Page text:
Results Women who planned to give birth at a freestanding midwifery unit were significantly more likely to have a spontaneous vaginal birth (AOR 1.57; 95% CI 1.20 to 2.06) and significantly less likely to have a caesarean section (AOR 0.65; 95% CI 0.48 to 0.88). There was no significant difference in the AOR of 5 min Apgar scores, however, babies from the freestanding midwifery unit group were significantly less likely to be admitted to neonatal intensive care or special care nursery (AOR 0.60; 95% CI 0.39 to 0.91). Analysis of secondary outcomes indicated that planning to give birth in a freestanding midwifery unit was associated with similar or reduced odds of intrapartum interventions and similar or improved odds of indicators of neonatal well-being.
Conclusions The results of this study support the provision of care in freestanding midwifery units as an alternative to tertiary-level maternity units for women with low risk pregnancies at the time of booking.
Monk, AR, Tracy, SK, Foureur, M & Barclay, L 2013, 'Australian primary maternity units: past, present and future', Women and Birth, vol. 26, no. 3, pp. 213-218.View/Download from: UTS OPUS or Publisher's site
Primary maternity units are commonly those run by midwives who provide care to women with low risk pregnancies with no obstetric, anaesthetic, laboratory or paediatric support available on-site. In some other countries, primary level maternity units play an important role in offering equitable and accessible maternity care to women with low-risk pregnancies, particularly in rural and remote areas. However there are very few primary maternity units in Australia, largely due to the fact that over the past 200 years, the concept of safety has become inherently linked with the immediate on-site availability of specialist medical support.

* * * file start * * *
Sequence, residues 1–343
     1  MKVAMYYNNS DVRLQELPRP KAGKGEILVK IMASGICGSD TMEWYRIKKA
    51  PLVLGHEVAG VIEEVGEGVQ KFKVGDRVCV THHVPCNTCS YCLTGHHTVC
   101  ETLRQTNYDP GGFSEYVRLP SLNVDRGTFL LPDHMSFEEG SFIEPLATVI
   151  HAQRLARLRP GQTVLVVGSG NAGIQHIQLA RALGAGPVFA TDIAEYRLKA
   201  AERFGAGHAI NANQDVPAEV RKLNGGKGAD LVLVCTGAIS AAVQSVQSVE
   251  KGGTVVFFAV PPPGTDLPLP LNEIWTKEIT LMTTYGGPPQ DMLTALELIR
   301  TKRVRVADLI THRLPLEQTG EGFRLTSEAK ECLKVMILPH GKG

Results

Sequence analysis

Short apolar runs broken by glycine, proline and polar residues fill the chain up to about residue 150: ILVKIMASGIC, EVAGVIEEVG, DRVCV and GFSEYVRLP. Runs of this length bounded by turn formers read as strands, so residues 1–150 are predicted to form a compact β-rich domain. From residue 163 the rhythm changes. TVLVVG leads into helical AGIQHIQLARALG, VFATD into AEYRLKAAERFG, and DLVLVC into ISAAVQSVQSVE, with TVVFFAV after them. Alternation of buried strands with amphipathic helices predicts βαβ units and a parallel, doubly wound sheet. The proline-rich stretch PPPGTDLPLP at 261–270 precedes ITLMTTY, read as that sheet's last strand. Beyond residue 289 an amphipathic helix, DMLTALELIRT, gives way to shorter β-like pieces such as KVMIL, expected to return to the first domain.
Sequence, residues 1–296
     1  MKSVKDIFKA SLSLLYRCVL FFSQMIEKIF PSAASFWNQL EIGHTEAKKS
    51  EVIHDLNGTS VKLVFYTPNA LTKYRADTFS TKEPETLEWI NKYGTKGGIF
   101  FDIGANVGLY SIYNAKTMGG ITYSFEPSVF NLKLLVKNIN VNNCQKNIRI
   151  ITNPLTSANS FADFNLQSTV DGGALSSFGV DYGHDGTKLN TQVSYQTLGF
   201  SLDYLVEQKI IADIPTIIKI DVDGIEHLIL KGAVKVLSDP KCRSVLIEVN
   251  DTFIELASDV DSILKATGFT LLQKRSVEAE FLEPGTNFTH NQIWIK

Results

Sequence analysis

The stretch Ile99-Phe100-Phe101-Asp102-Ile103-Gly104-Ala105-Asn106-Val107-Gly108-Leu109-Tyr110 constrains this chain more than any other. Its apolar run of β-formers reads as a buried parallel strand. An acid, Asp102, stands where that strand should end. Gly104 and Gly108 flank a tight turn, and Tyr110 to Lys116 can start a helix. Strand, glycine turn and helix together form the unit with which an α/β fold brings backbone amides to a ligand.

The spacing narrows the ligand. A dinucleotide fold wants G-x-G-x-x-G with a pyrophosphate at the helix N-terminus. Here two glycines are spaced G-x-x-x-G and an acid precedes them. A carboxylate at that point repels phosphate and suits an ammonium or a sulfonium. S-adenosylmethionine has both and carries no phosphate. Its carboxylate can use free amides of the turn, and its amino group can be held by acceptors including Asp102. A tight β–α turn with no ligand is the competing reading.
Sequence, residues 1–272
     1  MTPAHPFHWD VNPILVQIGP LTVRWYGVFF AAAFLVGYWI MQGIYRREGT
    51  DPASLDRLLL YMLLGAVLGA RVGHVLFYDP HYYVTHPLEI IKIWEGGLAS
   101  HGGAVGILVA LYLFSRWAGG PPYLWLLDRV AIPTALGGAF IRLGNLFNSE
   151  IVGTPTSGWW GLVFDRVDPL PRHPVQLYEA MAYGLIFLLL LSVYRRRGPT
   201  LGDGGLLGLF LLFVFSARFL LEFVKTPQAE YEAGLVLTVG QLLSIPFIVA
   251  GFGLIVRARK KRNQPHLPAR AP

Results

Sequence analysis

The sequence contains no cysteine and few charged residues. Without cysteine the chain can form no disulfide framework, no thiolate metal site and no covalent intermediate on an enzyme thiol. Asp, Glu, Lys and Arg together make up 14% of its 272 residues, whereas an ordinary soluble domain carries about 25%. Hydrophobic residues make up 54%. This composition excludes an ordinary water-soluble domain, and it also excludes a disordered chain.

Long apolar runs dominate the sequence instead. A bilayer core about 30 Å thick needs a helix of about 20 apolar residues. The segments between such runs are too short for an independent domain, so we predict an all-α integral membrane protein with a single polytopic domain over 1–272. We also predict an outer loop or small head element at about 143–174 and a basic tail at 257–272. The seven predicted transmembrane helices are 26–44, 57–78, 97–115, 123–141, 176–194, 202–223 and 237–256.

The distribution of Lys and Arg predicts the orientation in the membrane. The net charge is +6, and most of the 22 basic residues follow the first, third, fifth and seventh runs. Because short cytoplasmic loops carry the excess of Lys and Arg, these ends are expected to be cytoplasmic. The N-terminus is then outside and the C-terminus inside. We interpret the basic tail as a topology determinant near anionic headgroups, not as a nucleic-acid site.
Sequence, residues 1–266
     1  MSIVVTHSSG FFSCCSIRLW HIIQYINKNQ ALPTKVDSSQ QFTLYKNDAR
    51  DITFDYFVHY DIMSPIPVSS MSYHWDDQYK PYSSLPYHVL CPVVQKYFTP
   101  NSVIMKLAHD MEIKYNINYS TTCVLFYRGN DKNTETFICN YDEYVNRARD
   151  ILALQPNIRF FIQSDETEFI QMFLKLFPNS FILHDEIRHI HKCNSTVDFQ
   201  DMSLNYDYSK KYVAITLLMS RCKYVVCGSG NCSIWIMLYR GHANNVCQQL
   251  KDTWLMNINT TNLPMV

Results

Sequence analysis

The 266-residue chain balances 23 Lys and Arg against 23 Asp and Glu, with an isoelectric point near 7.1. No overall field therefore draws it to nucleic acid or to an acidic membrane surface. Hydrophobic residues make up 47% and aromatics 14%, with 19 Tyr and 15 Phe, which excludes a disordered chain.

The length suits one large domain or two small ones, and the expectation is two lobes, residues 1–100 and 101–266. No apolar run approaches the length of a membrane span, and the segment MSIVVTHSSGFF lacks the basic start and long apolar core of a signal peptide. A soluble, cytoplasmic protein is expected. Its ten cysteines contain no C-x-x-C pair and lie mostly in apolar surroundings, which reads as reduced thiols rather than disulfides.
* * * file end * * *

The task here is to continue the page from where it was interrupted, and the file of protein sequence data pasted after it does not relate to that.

Monk, AR, Tracy, SK, Foureur, M & Tracy, MB 2013, 'Evaluating midwifery units (EMU): Lessons from the pilot study', Midwifery, vol. 29, no. 8, pp. 845-851.View/Download from: UTS OPUS or Publisher's site
Objective this paper describes the pilot study that was undertaken to test the feasibility of the recruitment plan designed to recruit women who booked to give birth in two freestanding midwifery units in NSW, Australia. The pilot preceded the full prospective cohort study, Evaluating Midwifery Units (EMU), which aimed to examine the antenatal, birth and postnatal outcomes of women planning to give birth in freestanding midwifery units compared to those booked to give birth in tertiary level maternity units in Australia and New Zealand. Design a prospective cohort study with two mutually-exclusive cohorts. Setting two freestanding midwifery units in NSW and their corresponding tertiary referral hospitals. Participants a total of 146 women with few identified risk factors recruited between 13 September 2009 and 31 March 2010 whose planned place of birth was either a freestanding midwifery unit or tertiary maternity unit. Measurements and findings the pilot study identified the feasibility of relying on the booking midwife to recruit eligible women from several antenatal booking clinics to the study. Low rates of eligible women were invited resulting in a lower than expected consent rate. In addition, although mostly only low-risk women were invited to participate, some women requiring medical consultation at the time of booking were inadvertently recruited into the study. The results of this pilot study led us to revise the study protocol to find ways of including the outcomes of all women without identified risk factors who booked at either the freestanding midwifery units or the tertiary referral hospital in that area. This paper describes the revisions that were made to the study plan.